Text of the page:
1. Stressing the benefits of daily emollient therapy to their patients, particularly highlighting flare prevention. Evidence has consistently shown that the daily application of a therapeutic moisturiser improves the skin barrier and reduces the number and frequency of flares. These outcomes can result in greater quality of life and potential cost benefits by reducing the number of lost days at work. For neonates, those at high risk of developing AD can delay or even avoid AD by proactive treatment with a therapeutic moisturiser (primary prevention)
2. Recommending clinically proven therapeutic moisturisers to patients is key to a successful therapeutic outcome. Instructions should stress that moisturisers should be applied liberally and daily — ideally twice. Recommendations should be based on formula composition and the strength of clinical data supporting the formulation
3. Clinical demonstrations should include both objective measures of skin hydration and TEWL and validated clinical scales to assess symptom improvement. Product selection should also consider patients’ experience and preference, as therapeutic efficacy can be provided in aesthetically pleasing, lighter formulations that can improve compliance
4. Topical corticosteroids are generally recommended as the next step in the treatment of AD, particularly for the targeted treatment of flares. Topical steroid formulations may include penetration enhancers designed to enhance the delivery of active steroids to its target, which may weaken the barrier. Consequently, maintaining daily moisturisation is important when topical steroids are added to the treatment regimen.
As has been highlighted above, emollients should be considered a key therapeutic agent in the management of dry skin diseases such as AD. It would seem from clinical practice that they are also important for promoting skin health and preventing skin breakdown.7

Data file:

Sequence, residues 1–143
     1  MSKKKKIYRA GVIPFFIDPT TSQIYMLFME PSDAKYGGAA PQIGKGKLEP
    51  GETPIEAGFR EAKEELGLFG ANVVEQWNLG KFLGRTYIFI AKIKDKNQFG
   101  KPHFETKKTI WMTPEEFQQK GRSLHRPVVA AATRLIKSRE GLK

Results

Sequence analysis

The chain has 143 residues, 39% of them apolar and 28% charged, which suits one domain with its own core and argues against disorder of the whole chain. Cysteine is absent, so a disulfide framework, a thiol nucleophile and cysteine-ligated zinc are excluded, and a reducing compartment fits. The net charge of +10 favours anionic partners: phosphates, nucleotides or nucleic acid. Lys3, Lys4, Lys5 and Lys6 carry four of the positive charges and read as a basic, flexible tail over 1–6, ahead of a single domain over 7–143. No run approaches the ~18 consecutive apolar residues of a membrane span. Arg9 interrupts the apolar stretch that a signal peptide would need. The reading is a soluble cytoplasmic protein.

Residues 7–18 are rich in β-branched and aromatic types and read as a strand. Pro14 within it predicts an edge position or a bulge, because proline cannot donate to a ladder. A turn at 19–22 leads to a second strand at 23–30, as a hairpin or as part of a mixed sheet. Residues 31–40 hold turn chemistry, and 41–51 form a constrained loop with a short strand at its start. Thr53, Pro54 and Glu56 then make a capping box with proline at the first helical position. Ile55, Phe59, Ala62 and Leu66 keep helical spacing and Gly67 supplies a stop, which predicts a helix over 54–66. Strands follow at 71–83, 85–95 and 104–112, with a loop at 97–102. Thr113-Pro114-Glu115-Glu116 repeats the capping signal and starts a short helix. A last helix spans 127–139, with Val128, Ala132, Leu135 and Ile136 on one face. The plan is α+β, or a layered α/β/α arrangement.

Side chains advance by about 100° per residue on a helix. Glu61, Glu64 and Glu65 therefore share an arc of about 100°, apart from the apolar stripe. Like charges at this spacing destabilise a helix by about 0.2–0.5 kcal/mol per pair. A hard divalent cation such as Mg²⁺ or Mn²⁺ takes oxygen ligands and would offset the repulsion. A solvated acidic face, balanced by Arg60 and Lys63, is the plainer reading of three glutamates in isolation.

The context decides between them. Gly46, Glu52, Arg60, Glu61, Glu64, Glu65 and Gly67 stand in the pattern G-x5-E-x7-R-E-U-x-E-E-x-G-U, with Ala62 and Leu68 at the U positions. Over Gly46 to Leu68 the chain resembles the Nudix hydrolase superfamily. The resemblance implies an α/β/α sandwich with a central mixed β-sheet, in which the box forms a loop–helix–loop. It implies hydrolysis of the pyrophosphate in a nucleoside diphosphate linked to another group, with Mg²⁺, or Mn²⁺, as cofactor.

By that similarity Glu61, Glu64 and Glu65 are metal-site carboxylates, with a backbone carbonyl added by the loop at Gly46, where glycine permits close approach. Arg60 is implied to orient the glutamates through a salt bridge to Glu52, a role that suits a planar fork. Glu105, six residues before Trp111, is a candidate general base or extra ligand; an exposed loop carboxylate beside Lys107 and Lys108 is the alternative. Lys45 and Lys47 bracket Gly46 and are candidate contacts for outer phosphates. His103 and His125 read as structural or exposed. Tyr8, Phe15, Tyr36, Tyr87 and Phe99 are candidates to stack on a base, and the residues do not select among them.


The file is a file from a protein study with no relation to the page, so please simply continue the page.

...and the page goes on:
1. Herbert AA, Rippke F, Weber TM and Nicol NH. Efficacy of Nonprescription Moisturizers for Atopic Dermatitis: An Updated Review of Clinical Evidence. American Journal of Clinical Dermatology, 2020.
2. Del Rosso J, Zeichner J, Alexis A, et al. Understanding the Epidermal Barrier in Healthy and Compromised Skin: Clinically Relevant Information for the Dermatology Practitioner Proceedings of an Expert Panel Roundtable Meeting. Journal of Clinical and Aesthetic Dermatology, 2016.
3. Alizadehfar R. Skin Barrier Repair in the Management of Atopic Dermatitis. Skin Therapy Letter.com, 2016.
4. Murphrey MB, Miao JH and Zito PM. Histology, Stratum Corneum. StratPearls (Internet), 2021. https://www.ncbi.nlm.nih.gov/books/NBK513299/
5. Mao-Qiang M, Feingold KR, Thornfeldt CR and Elias PM. Optimization of Physiological Lipid Mixtures for Barrier Repair. J Invest Dermatol, 1996.
6. Ali SM and Yosipov G. Skin pH: From Basic Science to Basic Skin Care. Acta Derm Venereol, 2013.
7. Penzer R. Best practice in emollient therapy a statement for healthcare professionals. https://bdng.org.uk/wp-content/uploads/2017/02/EmollientBPG.pdf
8. Eichenfield LF, Tom WL, Berger TG. Guidelines of care for the management of atopic dermatitis Section 2. Management and treatment of atopic dermatitis with topical therapies. Journal of the American Academy of Dermatology, 2020.